6:  Chang, K. and P. Chelladurai, 2003. System-based quality dimensions in fitness services: Development of the scale of quality. Serv. Ind. J., 23: 65-82.
CrossRef  |  Direct Link  |  

7:  Chou, C.K., P.H. Wu and C.Y. Huang, 2014. Service climate, service convenience, service quality and behavioral intentions in chain store restaurants. Int. J. Organ. Innov., 7: 161-170.
Direct Link  |  

8:  Cronin, Jr. J.J. and S.A. Taylor, 1992. Measuring service quality: A reexamination and extension. J. Market., 56: 55-68.
CrossRef  |  Direct Link  |  

9:  Daskalopoulou, I. and A. Petrou, 2005. Service quality and store performance: Some evidence from Greece. Managing Serv. Qual. Int. J., 15: 24-40.
CrossRef  |  Direct Link  |  

10:  Dietz, J., S.D. Pugh and J.W. Wiley, 2004. Service climate effects on customer attitudes: An examination of boundary conditions. Acad. Manage. J., 47: 81-92.
CrossRef  |  Direct Link  |  

11:  Kao, F.H., B.S. Cheng, C.C. Kuo and M.P. Huang, 2014. Stressors, withdrawal and sabotage in frontline employees: The moderating effects of caring and service climates. J. Occup. Organiz. Psychol., 87: 755-780.
CrossRef  |  Direct Link  |  

12:  Olorunniwo, F., M.K. Hsu and G.J. Udo, 2006. Service quality, customer satisfaction and behavioral intentions in the service factory. J. Serv. Market., 20: 59-72.
CrossRef  |  Direct Link  |  

13:  Van Dyne, L., J.W. Graham and R.M. Dienesch, 1994. Organizational citizenship behavior: Construct redefinition, measurement and validation. Acad. Manage. J., 37: 765-802.
Direct Link  |  

14:  Gomez, M.I., E.W. McLaughlin and D.R. Wittink, 2004. Customer satisfaction and retail sales performance: An empirical investigation. J. Retail., 80: 265-278.
CrossRef  |  Direct Link  |  

15:  Groenroos, C., 1983. Innovative Marketing Strategies and Organization Structure for Service Firms. In: Emerging Perspectives on Services Marketing, Berry, L., L. Shostack and G. Upah (Eds.). American Marketing Association, Chicago.

16:  Gronroos, C., 1984. A service quality model and its marketing implications. Eur. J. Market., 18: 36-44.
CrossRef  |  Direct Link  |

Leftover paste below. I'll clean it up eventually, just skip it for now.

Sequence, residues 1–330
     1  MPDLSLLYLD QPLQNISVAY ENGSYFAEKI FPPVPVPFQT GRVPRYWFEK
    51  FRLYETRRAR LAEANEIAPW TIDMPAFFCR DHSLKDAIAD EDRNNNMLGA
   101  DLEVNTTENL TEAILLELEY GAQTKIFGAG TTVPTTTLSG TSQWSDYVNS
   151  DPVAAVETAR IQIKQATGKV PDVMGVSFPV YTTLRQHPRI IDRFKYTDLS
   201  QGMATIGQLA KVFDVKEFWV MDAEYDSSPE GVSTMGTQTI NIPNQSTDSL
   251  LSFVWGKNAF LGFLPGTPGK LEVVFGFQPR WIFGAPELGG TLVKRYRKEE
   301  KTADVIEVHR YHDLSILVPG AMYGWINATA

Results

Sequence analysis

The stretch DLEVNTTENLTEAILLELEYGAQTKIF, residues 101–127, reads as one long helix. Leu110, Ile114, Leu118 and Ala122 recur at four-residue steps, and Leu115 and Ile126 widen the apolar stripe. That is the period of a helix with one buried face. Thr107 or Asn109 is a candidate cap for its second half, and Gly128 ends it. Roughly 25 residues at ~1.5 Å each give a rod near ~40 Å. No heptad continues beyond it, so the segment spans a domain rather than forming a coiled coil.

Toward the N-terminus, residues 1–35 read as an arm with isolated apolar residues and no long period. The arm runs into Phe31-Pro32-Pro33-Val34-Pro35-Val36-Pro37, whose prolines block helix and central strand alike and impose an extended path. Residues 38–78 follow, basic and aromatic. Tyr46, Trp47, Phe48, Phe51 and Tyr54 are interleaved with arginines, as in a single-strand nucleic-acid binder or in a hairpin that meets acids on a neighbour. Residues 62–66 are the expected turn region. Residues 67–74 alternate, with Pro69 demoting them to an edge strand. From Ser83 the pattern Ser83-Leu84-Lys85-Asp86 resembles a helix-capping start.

17:  Hair, Jr., J.F., W.C. Black, B.J. Babin and R.E. Anderson, 2010. Multivariate Data Analysis. 7th Edn., Prentice Hall, Upper Saddle River, NJ., ISBN-13: 9780138132637, Pages: 785.

18:  Lee, H., Y. Lee and D. Yoo, 2000. The determinants of perceived service quality and its relationship with satisfaction. J. Serv. Market., 14: 217-231.
CrossRef  |  Direct Link  |  

19:  Hennig-Thurau, T., K.P. Gwinner and D.D. Gremier, 2002. Understanding relationship marketing outcomes: An integration of relational benefits and relationship quality. J. Serv. Res., 4: 230-247.
CrossRef  |  Direct Link  |  

20:  De Jong, A., K. de Ruyter and J. Lemmink, 2004. Antecedents and consequences of the service climate in boundary-spanning self-managing service teams. J. Market., 68: 18-35.
CrossRef  |  Direct Link  |  

21:  De Jong, A., K. de Ruyter and J. Lemmink, 2005. Service climate in self-managing teams: Mapping the linkage of team member perceptions and service performance outcomes in a business-to-business setting. J. Manage. Stud., 42: 1593-1620.
CrossRef  |  Direct Link  |  

22:  Lewis, R.C. and B.H. Booms, 1983. The Marketing Aspects of Service Quality. In: Emerging Perspectives on Service Marketing, Berry, L., G. Shostack and G. Upah (Eds.). American Marketing, Chicago, IL., pp: 99-107.

23:  Lewis, B.R. and G.O.S. Gabrielsen, 1998. Intra-organisational aspects of service quality management: The employees' perspective. Serv. Ind. J., 18: 64-89.
CrossRef  |  Direct Link  |  

24:  Liao, H. and A. Chuang, 2004. A multilevel investigation of factors influencing employee service performance and customer outcomes. Acad. Manage. J., 47: 41-58.
CrossRef  |  Direct Link  |  

25:  Mullins, R.R., M. Ahearne, S.K. Lam, Z.R. Hall and J.P. Boichuk, 2014. Know your customer: How salesperson perceptions of customer relationship quality form and influence account profitability. J. Market., 78: 38-58.
CrossRef  |  Direct Link  |  

26:  Ofir, C. and I. Simonson, 2007. The effect of stating expectations on customer satisfaction and shopping experience. J. Market. Res., 44: 164-174.
CrossRef  |  Direct Link  |  

27:  O'Neill, M. and A. Palmer, 2003. An exploratory study of the effects of experience on consumer perceptions of the service quality construct. Manag. Serv. Q., 13: 187-196.
CrossRef  |  Direct Link  |